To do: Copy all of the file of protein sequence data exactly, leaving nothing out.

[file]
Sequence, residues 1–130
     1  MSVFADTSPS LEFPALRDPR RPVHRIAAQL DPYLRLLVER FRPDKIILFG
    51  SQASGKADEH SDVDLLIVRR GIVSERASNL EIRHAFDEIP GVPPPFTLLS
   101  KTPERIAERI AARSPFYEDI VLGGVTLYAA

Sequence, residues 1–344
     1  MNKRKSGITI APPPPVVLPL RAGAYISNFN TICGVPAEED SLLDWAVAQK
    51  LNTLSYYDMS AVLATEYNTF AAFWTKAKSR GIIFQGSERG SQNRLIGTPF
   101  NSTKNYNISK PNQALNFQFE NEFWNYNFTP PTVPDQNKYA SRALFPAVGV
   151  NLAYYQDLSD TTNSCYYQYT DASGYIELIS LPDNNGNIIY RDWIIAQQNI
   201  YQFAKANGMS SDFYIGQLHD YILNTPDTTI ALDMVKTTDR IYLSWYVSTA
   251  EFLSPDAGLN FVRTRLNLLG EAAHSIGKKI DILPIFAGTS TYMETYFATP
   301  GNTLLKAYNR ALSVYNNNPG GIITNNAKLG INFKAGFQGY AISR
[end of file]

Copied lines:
Sequence, residues 1–130
     1  MSVFADTSPS LEFPALRDPR RPVHRIAAQL DPYLRLLVER FRPDKIILFG
    51  SQASGKADEH SDVDLLIVRR GIVSERASNL EIRHAFDEIP GVPPPFTLLS
   101  KTPERIAERI AARSPFYEDI VLGGVTLYAA

Sequence, residues 1–344
     1  MNKRKSGITI APPPPVVLPL RAGAYISNFN TICGVPAEED SLLDWAVAQK
    51  LNTLSYYDMS AVLATEYNTF AAFWTKAKSR GIIFQGSERG SQNRLIGTPF
   101  NSTKNYNISK PNQALNFQFE NEFWNYNFTP PTVPDQNKYA SRALFPAVGV
   151  NLAYYQDLSD TTNSCYYQYT DASGYIELIS LPDNNGNIIY RDWIIAQQNI
   201  YQFAKANGMS SDFYIGQLHD YILNTPDTTI ALDMVKTTDR IYLSWYVSTA
   251  EFLSPDAGLN FVRTRLNLLG EAAHSIGKKI DILPIFAGTS TYMETYFATP
   301  GNTLLKAYNR ALSVYNNNPG GIITNNAKLG INFKAGFQGY AISR